Worthing Hospital

From Wikipedia, the free encyclopedia
Jump to: navigation, search

Coordinates: 50°49′00″N 0°21′51″W / 50.8168°N 0.3643°W / 50.8168; -0.3643

Worthing Hospital
Worthing Hospital
Western Sussex Hospitals NHS Foundation Trust
Location Worthing, West Sussex, England, United Kingdom
Care system Public NHS
Hospital type District General
Emergency department Yes Accident & Emergency
Beds approx 500
Founded 1829
Website http://www.westernsussexhospitals.nhs.uk
Lists Hospitals in England

Worthing Hospital is a medium-sized District General Hospital (DGH) located in Worthing, West Sussex, England. It has approximately 500 beds. It provides a full range of general acute hospital services including A&E, maternity, outpatients, day surgery and intensive care. It is also home to the West Sussex Breast Screening service. The hospital is now run by Western Sussex Hospitals NHS Foundation Trust, which also runs Southlands Hospital in Shoreham-by-Sea and St Richard's Hospital in Chichester. It was previously run by Worthing & Southlands Hospitals NHS Trust, which merged with the Royal West Sussex NHS Trust in April 2009. In July 2013 it became a Foundation Trust.

The hospital is located just north-east of Worthing town centre, between Homefield Park and Beach House Park.


Worthing's first hospital was a dispensary created in 1829 in Ann Street. A new dispensary was set up in 1845 in Chapel Road, which when enlarged in 1860 became known as the Worthing Infirmary and Dispensary. The Worthing Infirmary and Dispensary moved to the current site in Lyndhurst Road in 1882 and was given the name Worthing Hospital in 1902.[1] The Princess Royal opened the hospital's new East Wing in 1998.[2]

In 2001 a £1.3m Children’s Centre opened, enabling almost all children’s healthcare needs to be met under one roof.[3]

The hospital was threatened with downsizing or closure as part of the NHS Strategic Health Authority's 'Fit For The Future' proposal. A series of marches and protest events were held in both Worthing and Chichester against the plans.[4] In June 2008, the West Sussex Primary Care Trust Board recommended that Worthing Hospital be the 'major general hospital' for West Sussex and that St Richard's Hospital in Chichester be downgraded.[5] The recommendation is that services should be centralised at Worthing and moved away from St Richard's Hospital.[6] In October 2008, the Trust Boards of Worthing and Southlands NHS Trust and the Royal West Sussex NHS Trust agreed ‘in principle’ to a merger. The merger went ahead and formed one organisation called 'Western Sussex Hospitals NHS Trust' which manages St Richard's, Worthing and Southlands hospitals.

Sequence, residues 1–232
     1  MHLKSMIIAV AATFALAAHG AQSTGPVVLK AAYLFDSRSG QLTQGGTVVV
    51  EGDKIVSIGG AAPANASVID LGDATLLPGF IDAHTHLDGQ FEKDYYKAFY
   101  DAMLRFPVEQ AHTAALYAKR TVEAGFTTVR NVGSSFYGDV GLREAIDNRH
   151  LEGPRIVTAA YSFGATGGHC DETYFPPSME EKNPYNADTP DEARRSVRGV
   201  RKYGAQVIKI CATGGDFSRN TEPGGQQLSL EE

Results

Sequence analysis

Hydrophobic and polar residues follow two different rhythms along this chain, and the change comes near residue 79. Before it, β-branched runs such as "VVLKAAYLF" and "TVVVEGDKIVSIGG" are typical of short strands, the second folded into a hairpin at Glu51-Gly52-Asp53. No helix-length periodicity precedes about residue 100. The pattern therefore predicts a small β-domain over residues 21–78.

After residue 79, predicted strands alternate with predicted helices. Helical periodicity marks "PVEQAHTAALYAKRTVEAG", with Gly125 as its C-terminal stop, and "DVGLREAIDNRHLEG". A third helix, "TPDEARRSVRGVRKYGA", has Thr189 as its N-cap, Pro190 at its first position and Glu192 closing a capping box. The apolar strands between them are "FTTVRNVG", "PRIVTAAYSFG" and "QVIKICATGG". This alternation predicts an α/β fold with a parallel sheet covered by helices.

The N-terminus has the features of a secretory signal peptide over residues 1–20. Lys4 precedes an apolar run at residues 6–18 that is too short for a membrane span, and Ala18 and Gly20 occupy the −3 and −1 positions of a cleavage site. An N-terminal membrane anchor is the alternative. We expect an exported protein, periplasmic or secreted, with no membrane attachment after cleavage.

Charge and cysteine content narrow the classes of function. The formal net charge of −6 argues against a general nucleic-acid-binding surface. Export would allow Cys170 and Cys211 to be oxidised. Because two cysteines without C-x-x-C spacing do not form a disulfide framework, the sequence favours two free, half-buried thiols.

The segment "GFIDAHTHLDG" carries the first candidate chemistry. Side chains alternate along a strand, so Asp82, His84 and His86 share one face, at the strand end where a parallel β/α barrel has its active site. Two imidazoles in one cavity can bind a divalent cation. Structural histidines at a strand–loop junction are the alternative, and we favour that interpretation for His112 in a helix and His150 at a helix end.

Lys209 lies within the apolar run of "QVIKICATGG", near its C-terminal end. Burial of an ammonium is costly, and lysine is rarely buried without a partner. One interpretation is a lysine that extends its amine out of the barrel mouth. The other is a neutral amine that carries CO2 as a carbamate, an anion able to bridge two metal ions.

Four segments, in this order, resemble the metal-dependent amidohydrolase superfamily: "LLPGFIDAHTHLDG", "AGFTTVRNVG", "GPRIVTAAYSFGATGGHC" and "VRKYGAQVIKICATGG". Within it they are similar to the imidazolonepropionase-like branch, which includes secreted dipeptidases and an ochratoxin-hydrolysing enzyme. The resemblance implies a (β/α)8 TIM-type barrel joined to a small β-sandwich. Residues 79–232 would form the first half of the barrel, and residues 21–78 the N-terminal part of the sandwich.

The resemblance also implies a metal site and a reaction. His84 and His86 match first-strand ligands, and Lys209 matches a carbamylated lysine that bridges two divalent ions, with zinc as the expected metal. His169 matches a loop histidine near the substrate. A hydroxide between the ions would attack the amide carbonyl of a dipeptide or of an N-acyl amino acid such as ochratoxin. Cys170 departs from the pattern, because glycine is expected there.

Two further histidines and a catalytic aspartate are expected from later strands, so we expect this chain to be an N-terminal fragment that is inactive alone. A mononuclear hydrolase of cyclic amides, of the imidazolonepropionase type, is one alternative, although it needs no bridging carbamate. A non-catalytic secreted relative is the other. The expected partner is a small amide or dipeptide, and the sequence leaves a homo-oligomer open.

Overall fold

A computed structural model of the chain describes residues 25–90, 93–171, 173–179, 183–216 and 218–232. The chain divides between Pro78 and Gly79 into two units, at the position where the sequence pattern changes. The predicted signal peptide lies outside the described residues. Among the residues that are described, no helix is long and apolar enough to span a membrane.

In 2011 the Hospital invested £14 Million building a children's A&E, two new wards and an outpatients department. It has since built a new Breast Screening Unit.

In 2014 the Trust opened the new £7.1m Emergency Floor

In 2015 the trust opened a new £6.5m Endoscopy Unit.


Worthing Hospital was praised for its standard of care in a recent report (2011) by the Care Quality Commission (CQC). In the report, entitled Review of Compliance, the CQC said the hospital met "all the essential standards of quality and safety". Inspectors stated those who used the service benefited from safe quality care, treatment and support due to "effective decision making" and the "management of risks to their health, welfare and safety". The Trust as a whole (Worthing, Southlands and St Richard's hospitals) had no cases of MRSA bloodstream infection throughout the whole of 2011. At the time of writing (Feb 2012) this is still the case.

In April 2014 the maternity Unit at Worthing and St Richard's was awarded the prestigious ‘level three’ award for the Clinical Negligence Scheme for Trusts (CNST)[7] – effectively a recognition that staff deliver a service for mums which is considered to pose the lowest possible risk.

In 2014 the CQC reported that 'All standards were being met when we inspected the service.' These standards were as follows, Treating people with respect and involving them in their care, Providing care, treatment and support that meets people's needs, Caring for people safely and protecting them from harm, Staffing, Quality and suitability of management.[8]

In 2016 Western Sussex Hospitals NHS Foundation Trust (WSHFT) has been rated as 'Outstanding' by the Care Quality Commission (CQC).[9] At the time it was one of only three acute trusts in the country to receive the health watchdog’s highest rating.

See also[edit]